On the morning of June 30, 1908, the ground trembled in Central Siberia, and a series of flying fireballs, causing a “frightful sound” of explosions, were observed in the sky above the Stony Tunguska River. Strange glowing clouds, colorful sunsets, and a weak luminescence in the night were reported as far as Europe.
Likely many thousand people in a radius of 1.500 kilometers (or 900 miles) observed the Tunguska Event. However, due to the remoteness of the affected area, eyewitness testimonies were collected only more than half of a century after the event, and most were second-hand oral accounts. In 2008, unpublished material collected by Russian ethnographer Sev’yan Vainshtein resurfaced, including some first-hand accounts of the event.
Despite its notoriety in pop-culture, hard scientific data covering the Tunguska Event is sparse. Since 1928 more than forty expeditions have explored the site, taking samples from the soil, rocks, and even trees flattened by the explosion, with ambiguous results. Some seismic and air-pressure wave registrations, recorded immediately after the blast, survive to this day and surveys of the devastated forest mapped some thirty years later. The explosion was powerful enough to flatten more than 80 million trees.
Based on the lack of hard data, like a crater or a meteorite, and conflicting accounts, many theories of widely varying plausibility were proposed over time.
At the time of the event, international newspapers speculated about a volcanic eruption. Russian scientists, like Dr. Arkady Voznesensky, Director of the Magnetographic and Meteorological Observatory at Irkutsk, speculated about a cosmic impact. In 1927, Russian mineralogist Leonid Alexejewitsch Kulik of the Russian Meteorological Institute, explained the event as the mid-air explosion of a meteorite, based on the lack of an impact crater on the ground and the discovery of interplanetary dust in peat layers at the site. In 1934, Soviet astronomers, based on Kulik’s work, proposed that a comet exploded in Tunguska. Such an icy body, entering the atmosphere, would rapidly heat up and evaporate explosively in mid-air without ever hitting the ground. The resulting explosions could have been powerful enough to flatten trees without leaving a crater or much other evidence.
A new paper tries to answer the question about the nature of the impactor by simulating the effects of a asteroid – made of rock and metal-alloys – and a comet – made mostly of ice and traces of interplanetary dust – with varying sizes, ranging from 160 to 650 feet (50-200 meters), entering Earth’s atmosphere at a speed of 12 miles per second (20km/sec). The computer simulations shows how friction with the atmosphere heats these objects, but while rock and iron vaporize at around 3.000°C, water evaporates at only 100°C. Based on the calculations of the authors, an icy body large enough to explain the devastation at Tunguska would have traveled no more than 186 miles (300 kilometers) through Earth’s atmosphere before vaporizing completely. Some reports of the Tunguska Event describe a series of explosions in the sky, suggesting that the impactor traveled some 435 miles (700km) through the atmosphere. According to the authors, this observation excludes the possibility that the Tunguska Event was caused by an icy body. Only a 656 foot-wide (200 meter-wide) stony-iron asteroid could have traveled so far.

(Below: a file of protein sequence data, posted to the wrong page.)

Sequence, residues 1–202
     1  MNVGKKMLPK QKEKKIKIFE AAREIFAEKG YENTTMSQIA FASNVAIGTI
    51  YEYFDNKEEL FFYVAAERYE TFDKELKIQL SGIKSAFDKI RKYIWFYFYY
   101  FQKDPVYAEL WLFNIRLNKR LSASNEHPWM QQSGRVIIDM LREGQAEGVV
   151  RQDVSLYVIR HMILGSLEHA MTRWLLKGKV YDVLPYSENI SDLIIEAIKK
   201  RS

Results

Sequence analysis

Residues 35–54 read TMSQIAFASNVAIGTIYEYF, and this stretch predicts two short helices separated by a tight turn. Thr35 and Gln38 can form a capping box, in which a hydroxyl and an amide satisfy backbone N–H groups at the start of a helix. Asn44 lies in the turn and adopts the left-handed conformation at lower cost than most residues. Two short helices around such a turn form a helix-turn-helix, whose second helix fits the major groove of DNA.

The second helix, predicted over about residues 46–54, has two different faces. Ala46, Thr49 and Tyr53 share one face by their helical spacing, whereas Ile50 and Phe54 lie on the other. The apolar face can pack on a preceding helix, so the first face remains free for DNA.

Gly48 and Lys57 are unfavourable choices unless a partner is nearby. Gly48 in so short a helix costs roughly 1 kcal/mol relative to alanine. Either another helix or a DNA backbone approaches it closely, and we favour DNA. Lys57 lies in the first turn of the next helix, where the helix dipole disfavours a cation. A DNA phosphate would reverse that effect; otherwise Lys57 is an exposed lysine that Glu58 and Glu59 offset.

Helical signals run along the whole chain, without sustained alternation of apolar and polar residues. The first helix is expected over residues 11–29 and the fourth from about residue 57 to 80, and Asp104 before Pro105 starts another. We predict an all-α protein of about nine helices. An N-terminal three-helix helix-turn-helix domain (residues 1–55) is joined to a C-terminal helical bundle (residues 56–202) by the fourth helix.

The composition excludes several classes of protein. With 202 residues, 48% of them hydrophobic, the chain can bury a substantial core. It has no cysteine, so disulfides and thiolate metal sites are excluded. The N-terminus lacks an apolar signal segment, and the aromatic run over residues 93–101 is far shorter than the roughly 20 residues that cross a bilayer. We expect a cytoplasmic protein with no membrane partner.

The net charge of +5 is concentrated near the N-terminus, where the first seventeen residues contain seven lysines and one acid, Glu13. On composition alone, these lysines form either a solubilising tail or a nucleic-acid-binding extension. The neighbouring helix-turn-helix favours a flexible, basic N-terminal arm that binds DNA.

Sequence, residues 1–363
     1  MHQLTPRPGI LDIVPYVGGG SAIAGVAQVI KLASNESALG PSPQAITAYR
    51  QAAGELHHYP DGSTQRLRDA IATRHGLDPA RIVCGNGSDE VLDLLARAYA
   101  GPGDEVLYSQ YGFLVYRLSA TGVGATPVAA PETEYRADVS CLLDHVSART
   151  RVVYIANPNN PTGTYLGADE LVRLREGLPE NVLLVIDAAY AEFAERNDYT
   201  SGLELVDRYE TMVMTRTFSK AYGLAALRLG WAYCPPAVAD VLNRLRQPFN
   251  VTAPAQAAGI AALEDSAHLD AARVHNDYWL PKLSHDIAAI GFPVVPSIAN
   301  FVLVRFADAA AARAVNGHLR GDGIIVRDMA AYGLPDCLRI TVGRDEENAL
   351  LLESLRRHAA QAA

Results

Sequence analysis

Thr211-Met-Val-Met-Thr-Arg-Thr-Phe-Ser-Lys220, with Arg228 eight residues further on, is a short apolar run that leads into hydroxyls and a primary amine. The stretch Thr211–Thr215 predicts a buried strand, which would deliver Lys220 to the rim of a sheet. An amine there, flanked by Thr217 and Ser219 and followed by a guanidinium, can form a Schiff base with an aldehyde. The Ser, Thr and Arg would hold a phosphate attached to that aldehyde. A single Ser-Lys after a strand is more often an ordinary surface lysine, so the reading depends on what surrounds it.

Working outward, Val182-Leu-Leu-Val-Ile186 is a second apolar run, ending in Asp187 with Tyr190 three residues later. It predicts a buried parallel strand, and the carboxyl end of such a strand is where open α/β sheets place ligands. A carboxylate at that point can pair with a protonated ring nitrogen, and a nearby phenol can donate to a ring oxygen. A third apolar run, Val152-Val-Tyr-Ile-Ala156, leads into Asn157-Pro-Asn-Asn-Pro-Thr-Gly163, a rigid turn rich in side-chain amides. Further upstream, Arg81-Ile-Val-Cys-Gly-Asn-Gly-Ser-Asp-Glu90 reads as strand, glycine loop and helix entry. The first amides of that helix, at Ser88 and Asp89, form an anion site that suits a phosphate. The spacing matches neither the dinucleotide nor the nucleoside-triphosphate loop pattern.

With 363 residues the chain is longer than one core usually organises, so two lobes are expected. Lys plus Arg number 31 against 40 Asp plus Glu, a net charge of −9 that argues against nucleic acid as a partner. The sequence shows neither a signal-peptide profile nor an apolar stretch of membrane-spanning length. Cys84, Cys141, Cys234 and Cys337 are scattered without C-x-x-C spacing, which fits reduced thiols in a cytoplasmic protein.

To explain the lack of any crater on the ground, the researchers suggest that the asteroid didn’t actually hit Earth, but entered Earth’s atmosphere over Siberia and passed westwards leaving the atmosphere over Europe, causing a series of air-bursts in mid-air – explaining the series of observed explosions and the flattened trees in Siberia – and leaving behind a plume of dust in the upper atmosphere – explaining reports of glowing clouds over Europe after the event.
The calculations also show, that a direct impact with the Tunguska asteroid would have created a crater 2 miles (3 kilometers) wide.